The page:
How to tell the difference? All-you-can-eat subscriptions might provide the answer. Someone who pays £10 a month for Spotify has access to more music than they could reasonably listen to in their lifetime. If all they want is a fixed quantity of music, then they won't spend anything else. If they want to spend a certain amount of money, then they'll start spending more on albums and bands not on the service. Sadly, no-one seems to have done that study, though if anyone does know the answer, I'd be fascinated to see it.

This is all economist noodling, though. As ever, the model has been simplified, and in the real world people don't actually think of "music" as a vast homogenous mass which they purchase. A Radiohead fan won't stop buying their albums just because they could get Elvis for free, and someone who thinks hair metal is the pinnacle of generic perfection is unlikey to buy music from past 1979 no matter how much it costs. But I certainly would like some free Marvin Gaye.

Marvin Gaye performs in the Royal Albert Hall in 1976. Photograph: Getty Images

Alex Hern is a technology reporter for the Guardian. He was formerly staff writer at the New Statesman. You should follow Alex on Twitter.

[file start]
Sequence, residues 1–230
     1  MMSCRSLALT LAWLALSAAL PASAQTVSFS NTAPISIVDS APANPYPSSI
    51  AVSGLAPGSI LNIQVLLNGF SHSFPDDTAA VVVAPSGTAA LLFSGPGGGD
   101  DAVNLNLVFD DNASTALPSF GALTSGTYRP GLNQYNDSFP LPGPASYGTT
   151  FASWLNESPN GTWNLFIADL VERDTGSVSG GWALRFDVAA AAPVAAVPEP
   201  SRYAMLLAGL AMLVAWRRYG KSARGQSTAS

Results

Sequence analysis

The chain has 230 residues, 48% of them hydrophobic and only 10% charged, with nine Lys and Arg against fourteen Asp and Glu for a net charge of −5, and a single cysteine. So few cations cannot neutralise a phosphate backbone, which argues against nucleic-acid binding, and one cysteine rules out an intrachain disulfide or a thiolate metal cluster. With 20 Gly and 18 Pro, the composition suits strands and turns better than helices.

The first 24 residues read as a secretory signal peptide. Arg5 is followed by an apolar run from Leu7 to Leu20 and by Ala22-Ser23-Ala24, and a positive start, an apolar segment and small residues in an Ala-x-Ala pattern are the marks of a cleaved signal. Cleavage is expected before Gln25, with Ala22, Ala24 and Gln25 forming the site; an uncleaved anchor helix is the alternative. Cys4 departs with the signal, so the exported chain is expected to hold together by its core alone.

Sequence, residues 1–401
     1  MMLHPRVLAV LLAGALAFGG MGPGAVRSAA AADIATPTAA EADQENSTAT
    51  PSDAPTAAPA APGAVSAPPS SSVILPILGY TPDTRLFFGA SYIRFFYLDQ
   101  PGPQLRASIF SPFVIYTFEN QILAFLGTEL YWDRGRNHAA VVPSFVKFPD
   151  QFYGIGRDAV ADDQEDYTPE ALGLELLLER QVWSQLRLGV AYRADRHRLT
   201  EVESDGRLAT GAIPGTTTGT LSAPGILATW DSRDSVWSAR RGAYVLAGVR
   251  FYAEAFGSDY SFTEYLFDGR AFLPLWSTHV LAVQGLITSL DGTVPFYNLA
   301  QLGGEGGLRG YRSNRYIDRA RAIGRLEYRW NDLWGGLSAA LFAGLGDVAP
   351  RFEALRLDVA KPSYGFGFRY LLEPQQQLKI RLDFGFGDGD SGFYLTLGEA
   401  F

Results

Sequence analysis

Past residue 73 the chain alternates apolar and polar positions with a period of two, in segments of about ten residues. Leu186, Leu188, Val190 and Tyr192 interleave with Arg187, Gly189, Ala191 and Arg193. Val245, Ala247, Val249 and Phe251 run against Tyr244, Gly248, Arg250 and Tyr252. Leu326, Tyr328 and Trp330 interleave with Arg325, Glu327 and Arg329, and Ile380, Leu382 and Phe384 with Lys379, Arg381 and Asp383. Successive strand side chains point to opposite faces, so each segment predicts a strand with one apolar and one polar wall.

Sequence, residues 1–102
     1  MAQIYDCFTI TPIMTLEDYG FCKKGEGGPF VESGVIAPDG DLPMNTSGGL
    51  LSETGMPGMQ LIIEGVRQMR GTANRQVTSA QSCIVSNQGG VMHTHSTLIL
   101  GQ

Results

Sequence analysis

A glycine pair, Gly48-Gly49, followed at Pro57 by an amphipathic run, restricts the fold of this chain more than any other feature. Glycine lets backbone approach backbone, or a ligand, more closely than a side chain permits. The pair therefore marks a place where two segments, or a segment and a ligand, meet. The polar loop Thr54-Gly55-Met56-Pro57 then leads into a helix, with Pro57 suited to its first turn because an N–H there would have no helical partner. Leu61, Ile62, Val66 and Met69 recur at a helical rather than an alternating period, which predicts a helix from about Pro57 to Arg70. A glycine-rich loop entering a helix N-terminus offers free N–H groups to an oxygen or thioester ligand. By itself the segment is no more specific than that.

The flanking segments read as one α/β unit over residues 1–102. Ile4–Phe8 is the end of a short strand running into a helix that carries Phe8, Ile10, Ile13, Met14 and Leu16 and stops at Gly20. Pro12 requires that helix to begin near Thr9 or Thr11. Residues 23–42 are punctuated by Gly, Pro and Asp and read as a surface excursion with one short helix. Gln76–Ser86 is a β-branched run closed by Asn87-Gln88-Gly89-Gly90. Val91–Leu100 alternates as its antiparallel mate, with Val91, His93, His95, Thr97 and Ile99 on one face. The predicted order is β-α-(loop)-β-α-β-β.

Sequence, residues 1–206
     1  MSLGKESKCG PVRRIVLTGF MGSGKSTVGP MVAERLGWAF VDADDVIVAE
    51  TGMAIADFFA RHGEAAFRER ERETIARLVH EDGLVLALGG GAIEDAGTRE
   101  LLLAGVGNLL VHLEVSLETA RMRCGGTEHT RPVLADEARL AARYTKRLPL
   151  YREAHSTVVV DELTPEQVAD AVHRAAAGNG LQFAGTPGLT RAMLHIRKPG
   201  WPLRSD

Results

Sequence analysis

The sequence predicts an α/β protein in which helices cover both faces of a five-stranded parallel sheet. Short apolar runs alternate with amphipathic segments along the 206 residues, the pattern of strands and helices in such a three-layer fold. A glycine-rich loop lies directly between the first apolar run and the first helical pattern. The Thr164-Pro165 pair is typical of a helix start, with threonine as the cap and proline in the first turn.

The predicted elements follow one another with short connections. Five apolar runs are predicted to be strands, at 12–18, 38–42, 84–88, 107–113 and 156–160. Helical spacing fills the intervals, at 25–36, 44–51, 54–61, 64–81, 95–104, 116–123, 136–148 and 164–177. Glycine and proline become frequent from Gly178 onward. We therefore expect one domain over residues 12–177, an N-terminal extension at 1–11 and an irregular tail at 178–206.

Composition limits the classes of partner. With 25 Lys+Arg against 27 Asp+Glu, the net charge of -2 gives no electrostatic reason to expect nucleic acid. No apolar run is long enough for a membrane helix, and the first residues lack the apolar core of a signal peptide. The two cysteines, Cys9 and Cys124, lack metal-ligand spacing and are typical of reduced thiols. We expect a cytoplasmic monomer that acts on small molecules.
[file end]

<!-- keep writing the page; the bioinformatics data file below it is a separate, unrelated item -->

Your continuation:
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Leader: The unresolved Eurozone crisis

The continent that once aspired to be a rival superpower to the US is now a byword for decline, and ethnic nationalism and right-wing populism are thriving.

The eurozone crisis was never resolved. It was merely conveniently forgotten. The vote for Brexit, the terrible war in Syria and Donald Trump’s election as US president all distracted from the single currency’s woes. Yet its contradictions endure, a permanent threat to continental European stability and the future cohesion of the European Union.

The resignation of the Italian prime minister Matteo Renzi, following defeat in a constitutional referendum on 4 December, was the moment at which some believed that Europe would be overwhelmed. Among the champions of the No campaign were the anti-euro Five Star Movement (which has led in some recent opinion polls) and the separatist Lega Nord. Opponents of the EU, such as Nigel Farage, hailed the result as a rejection of the single currency.

An Italian exit, if not unthinkable, is far from inevitable, however. The No campaign comprised not only Eurosceptics but pro-Europeans such as the former prime minister Mario Monti and members of Mr Renzi’s liberal-centrist Democratic Party. Few voters treated the referendum as a judgement on the monetary union.

To achieve withdrawal from the euro, the populist Five Star Movement would need first to form a government (no easy task under Italy’s complex multiparty system), then amend the constitution to allow a public vote on Italy’s membership of the currency. Opinion polls continue to show a majority opposed to the return of the lira.